This, in essence, gives the function dynamic information at the time of its call. You can do that by using a parameter for the function: You give txt a value when you call the function by passing a value in the parentheses: You can also pass multiple parameters to a function: A useful feature is setting defaults for the parameters, which lets you decide whether to pass in values when you call the function.
This topic is going to be an easy one, because basically functions are methods. When talking about a method, I really mean a function that is part of a class. You created a function called setForm in your code.
What happens is that 52 Learning Flex 3 Data Types the setForm function becomes a method of your main application. Another is addChild , which places instances of components on the display list. Another fun one is setFocus , which is available on all controls and makes that control the active control.
Now you'll use this function to make your little application more usable. Add the following attribute to your Application tag: Note that there may be issues with the focus of Flash Player, meaning you may have to click somewhere within the application to actually set the focus to Flash Player and not the browser.
Variables A variable is a way to store information that you can use in your applications. For example, you may have an application that stores the name of a user, and you can store this name in a variable. You create a variable in ActionScript by using the var statement followed by the name of the variable. For instance, the text property of a TextInput was declared as a variable within the source code of the TextInput component.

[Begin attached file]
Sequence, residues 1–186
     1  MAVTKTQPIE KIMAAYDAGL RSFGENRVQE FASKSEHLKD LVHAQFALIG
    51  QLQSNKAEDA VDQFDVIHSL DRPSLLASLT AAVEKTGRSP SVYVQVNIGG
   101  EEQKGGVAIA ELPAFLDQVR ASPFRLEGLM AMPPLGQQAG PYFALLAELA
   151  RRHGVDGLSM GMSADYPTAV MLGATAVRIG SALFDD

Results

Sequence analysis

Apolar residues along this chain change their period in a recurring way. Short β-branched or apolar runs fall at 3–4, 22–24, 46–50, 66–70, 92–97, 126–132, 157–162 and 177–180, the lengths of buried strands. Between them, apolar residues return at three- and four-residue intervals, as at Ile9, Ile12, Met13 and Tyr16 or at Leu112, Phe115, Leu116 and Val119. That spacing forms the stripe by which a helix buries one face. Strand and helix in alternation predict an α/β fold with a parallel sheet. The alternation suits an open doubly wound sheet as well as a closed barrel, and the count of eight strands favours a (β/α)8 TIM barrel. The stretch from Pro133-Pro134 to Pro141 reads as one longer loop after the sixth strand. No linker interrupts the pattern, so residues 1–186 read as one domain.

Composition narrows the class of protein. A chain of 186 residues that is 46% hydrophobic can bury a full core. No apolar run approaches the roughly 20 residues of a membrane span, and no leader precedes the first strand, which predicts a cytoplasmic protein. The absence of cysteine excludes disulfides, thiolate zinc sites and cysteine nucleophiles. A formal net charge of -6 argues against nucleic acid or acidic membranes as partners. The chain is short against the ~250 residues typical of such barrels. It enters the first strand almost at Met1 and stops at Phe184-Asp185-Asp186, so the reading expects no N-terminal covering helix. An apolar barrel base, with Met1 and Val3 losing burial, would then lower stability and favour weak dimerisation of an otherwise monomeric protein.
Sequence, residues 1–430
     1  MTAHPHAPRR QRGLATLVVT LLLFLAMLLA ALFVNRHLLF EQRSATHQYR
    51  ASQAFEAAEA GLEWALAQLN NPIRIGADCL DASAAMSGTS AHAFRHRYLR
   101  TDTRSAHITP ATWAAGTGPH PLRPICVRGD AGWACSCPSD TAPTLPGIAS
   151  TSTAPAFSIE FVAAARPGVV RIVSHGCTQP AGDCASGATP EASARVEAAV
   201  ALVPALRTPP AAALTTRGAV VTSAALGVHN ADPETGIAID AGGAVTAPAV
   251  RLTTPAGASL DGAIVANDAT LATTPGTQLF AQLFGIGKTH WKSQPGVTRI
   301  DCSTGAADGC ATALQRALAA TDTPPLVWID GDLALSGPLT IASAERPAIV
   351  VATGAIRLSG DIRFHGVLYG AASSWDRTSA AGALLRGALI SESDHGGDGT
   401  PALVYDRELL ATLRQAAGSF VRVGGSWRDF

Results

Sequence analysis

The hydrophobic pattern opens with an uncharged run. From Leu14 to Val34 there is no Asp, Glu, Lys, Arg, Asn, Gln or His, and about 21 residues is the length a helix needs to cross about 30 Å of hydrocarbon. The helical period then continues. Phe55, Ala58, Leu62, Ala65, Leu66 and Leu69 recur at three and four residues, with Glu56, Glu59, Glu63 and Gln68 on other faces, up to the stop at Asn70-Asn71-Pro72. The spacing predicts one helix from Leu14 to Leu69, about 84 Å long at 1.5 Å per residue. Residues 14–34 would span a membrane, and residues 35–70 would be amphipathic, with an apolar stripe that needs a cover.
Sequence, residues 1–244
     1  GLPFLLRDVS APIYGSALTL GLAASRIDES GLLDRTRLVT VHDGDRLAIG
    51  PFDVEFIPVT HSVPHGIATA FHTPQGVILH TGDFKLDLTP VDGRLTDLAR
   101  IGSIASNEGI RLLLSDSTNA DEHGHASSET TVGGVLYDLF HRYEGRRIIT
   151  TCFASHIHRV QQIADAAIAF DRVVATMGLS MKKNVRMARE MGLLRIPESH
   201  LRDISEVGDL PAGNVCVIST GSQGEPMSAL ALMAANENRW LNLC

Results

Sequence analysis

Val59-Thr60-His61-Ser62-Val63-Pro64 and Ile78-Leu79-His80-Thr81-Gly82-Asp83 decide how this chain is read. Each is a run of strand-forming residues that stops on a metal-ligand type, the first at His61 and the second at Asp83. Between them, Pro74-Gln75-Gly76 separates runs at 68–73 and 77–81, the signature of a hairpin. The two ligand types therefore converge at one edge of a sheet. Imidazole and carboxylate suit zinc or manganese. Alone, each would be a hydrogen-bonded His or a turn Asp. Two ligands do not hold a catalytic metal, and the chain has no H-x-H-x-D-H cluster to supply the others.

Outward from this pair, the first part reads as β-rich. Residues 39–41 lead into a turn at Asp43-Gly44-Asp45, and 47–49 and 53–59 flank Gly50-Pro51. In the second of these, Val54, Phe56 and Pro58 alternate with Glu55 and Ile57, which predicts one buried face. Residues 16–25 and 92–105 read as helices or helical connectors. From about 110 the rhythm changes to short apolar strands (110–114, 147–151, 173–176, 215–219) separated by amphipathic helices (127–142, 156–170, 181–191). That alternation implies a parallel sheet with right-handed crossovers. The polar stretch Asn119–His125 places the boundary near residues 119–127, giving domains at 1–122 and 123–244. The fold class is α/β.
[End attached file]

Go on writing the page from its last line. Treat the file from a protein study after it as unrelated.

Data Types Typing can mean more than just pressing keys on the keyboard. In programming, typing refers to a way to designate the kind of values a variable can have. The intent is to force the developer to think about what kind of information is needed. It also helps the program know the type of information, which results in much better performance.
Chapter 5, Learning the Basics of Scripting 53 Data Types Another great reason for typing is that each data type has certain properties and methods available to help you.
Can be one character or many. Can be in the range from 0 to 4,,, Can be in the range from -2,,, to 2,,, Valid values are true and false. The only value it can have is undefined. But which numeric value? Well, it would be a positive whole number, so looking at Table , you can see that the type uint would be a good choice, but Number would work as well.